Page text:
Originally published 1/5/11
It's a known fact that misery loves company, so how could something that feels so natural and comfortable -- like complaining, criticizing or otherwise badmouthing an enemy -- be the wrong thing to do?
There are two good reasons to avoid badmouthing: First, whatever you think you're saying in confidence to a friend or trusted associate is likely to get back to the target; and Second, since political alliances tend to shift in business all the time, today's enemy or competitor may be tomorrows friend of convenience -- that is, unless your badmouthing is personal and alienates him/her.
I've tried to show in this series of blogs the fluidity of the political environment. Alliances shift all the time. People change jobs, responsibilities, goals, and ambitions. Projects fail, projects succeed, and the company moves forward. But personalized and harsh criticism lives virtually forever. That irritating power player who really made you angry when he tried to scapegoat you on his bombing project yesterday might be your best friend tomorrow when you need someone to help negate a competitor's political clout -- unless he found out you labeled him a weasel, and he took it personal.
Remember the old chestnut -- this isn't personal, its just business -- and try to take it too heart. If you feel compelled to criticize, then do it with someone without a connection to your employer, like your pet Golden Retriever.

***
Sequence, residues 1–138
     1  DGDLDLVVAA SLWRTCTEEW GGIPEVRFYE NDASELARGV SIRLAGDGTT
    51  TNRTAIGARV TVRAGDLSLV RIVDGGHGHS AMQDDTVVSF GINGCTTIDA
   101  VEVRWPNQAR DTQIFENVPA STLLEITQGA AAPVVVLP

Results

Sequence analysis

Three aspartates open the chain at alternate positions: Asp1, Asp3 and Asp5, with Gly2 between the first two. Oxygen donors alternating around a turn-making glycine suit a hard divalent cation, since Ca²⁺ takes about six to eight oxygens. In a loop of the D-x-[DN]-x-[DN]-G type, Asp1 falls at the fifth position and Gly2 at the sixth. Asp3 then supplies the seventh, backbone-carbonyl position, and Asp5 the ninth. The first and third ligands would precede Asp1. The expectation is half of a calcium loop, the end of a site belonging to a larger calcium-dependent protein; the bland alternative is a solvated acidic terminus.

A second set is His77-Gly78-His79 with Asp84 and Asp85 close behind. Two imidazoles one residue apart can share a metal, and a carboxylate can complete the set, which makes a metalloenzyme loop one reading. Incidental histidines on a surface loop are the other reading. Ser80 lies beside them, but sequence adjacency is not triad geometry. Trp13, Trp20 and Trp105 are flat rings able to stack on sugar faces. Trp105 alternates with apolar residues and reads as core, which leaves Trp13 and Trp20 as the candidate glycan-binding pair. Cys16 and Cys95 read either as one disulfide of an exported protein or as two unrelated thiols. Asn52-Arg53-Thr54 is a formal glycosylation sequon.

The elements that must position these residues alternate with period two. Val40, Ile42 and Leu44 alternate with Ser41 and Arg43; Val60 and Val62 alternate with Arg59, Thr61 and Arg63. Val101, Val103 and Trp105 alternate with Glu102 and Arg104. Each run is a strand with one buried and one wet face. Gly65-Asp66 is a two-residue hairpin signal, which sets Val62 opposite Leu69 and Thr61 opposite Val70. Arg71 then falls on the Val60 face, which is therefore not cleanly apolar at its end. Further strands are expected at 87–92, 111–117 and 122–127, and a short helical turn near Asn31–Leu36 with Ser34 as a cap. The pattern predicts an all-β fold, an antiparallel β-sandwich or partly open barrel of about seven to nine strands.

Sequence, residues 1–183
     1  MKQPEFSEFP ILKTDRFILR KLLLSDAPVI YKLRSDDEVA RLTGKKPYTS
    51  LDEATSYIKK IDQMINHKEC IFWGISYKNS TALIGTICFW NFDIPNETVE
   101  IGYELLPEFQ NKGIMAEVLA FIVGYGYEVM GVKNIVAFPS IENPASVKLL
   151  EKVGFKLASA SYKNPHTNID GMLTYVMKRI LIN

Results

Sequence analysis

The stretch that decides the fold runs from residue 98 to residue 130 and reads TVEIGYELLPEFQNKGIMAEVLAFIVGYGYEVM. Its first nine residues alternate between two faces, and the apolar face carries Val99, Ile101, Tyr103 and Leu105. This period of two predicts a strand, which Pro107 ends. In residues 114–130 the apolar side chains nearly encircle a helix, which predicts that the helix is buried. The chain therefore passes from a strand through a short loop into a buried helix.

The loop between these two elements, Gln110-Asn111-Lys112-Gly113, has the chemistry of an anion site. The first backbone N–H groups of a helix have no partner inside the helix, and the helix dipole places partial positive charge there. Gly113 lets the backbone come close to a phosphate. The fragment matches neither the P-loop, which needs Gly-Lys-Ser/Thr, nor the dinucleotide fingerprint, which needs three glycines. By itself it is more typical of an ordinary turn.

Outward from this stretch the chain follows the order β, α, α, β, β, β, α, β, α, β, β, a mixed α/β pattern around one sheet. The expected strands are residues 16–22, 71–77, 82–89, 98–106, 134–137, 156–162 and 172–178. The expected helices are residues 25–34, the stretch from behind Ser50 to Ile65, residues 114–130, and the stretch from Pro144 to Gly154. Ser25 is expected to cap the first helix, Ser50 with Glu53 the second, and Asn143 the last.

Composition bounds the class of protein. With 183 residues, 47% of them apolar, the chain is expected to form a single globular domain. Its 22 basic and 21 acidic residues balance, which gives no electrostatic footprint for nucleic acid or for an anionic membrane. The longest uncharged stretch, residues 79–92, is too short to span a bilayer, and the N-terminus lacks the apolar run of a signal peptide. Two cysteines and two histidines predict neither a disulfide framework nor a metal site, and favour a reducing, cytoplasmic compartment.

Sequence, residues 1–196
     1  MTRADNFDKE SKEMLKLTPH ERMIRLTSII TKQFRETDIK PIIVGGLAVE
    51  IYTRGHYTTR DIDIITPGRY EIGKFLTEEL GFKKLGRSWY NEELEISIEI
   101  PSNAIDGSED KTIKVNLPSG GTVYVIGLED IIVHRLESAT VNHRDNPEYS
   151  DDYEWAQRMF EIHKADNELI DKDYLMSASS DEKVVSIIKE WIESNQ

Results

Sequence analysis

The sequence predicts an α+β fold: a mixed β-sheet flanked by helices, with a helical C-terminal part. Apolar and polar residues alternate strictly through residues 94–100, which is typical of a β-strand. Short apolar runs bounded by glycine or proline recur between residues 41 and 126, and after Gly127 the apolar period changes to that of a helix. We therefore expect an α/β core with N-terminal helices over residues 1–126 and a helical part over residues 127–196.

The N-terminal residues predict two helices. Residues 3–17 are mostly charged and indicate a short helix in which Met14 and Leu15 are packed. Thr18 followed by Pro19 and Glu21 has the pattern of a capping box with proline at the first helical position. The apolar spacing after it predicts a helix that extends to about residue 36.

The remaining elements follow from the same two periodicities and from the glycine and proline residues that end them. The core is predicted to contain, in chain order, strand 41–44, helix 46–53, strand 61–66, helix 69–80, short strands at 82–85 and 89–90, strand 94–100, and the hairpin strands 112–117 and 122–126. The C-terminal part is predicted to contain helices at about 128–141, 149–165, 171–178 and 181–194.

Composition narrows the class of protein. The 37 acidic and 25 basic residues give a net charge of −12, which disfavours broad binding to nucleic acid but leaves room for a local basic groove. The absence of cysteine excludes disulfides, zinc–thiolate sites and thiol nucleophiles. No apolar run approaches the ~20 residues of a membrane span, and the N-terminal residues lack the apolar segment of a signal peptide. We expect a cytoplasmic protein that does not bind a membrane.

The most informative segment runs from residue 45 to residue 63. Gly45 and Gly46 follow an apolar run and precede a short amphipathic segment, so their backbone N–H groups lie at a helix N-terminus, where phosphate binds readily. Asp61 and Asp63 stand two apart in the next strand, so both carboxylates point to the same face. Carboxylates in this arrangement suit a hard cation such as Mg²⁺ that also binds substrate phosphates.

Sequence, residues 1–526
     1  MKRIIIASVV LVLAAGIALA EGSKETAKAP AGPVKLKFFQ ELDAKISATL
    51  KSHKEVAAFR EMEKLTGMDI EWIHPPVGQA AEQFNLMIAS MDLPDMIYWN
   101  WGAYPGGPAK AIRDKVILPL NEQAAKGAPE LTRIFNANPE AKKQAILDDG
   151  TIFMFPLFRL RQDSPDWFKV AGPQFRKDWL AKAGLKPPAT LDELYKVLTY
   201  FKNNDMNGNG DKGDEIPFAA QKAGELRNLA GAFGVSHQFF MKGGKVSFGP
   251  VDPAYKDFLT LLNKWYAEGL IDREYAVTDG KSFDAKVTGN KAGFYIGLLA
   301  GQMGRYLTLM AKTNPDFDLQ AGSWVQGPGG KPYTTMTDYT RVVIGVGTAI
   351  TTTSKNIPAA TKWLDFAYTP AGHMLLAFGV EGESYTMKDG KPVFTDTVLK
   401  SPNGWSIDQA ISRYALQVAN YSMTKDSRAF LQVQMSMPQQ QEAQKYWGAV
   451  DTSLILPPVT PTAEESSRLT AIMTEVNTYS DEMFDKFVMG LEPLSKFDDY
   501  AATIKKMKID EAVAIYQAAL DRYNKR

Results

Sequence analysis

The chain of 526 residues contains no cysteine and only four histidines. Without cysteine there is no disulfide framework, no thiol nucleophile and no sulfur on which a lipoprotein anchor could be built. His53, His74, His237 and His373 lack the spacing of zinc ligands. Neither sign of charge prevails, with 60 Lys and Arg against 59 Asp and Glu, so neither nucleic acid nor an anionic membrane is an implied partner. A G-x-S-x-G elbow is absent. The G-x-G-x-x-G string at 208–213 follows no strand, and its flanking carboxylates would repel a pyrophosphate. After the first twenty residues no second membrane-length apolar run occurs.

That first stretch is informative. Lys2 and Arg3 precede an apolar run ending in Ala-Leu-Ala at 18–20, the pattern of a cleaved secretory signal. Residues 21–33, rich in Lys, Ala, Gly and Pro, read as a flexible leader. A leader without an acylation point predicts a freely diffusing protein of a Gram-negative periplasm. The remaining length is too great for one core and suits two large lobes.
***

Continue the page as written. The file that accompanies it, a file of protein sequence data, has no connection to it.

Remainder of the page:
Why do these criticisms end up coming back to the object of your dissatisfaction like iron filings to a magnet? Because they represent political currency that someone is likely to trade on. And don't think doing your badmouthing to a political neutral is the answer, either. They might pass it along because its interesting and they don't understand that the information has value.
If for some reason you mistakenly or uncontrollably badmouth someone against my advice, then at least have the sense to avoid loaded terms like: liar, cheat, scumbag, weasel, and similar terms. Those terms label someone's entire character, and are almost impossible to retract.
And if you do even that, then start assessing what the damage might be when the target of your badmouthing hears what you've said (no doubt embellished by those in the telephone game gossip path). You may choose to live with the damage, or you may decide you need to go bow and scrape before the person to try to negate it -- your choice, but at least be aware of what the potential consequences are.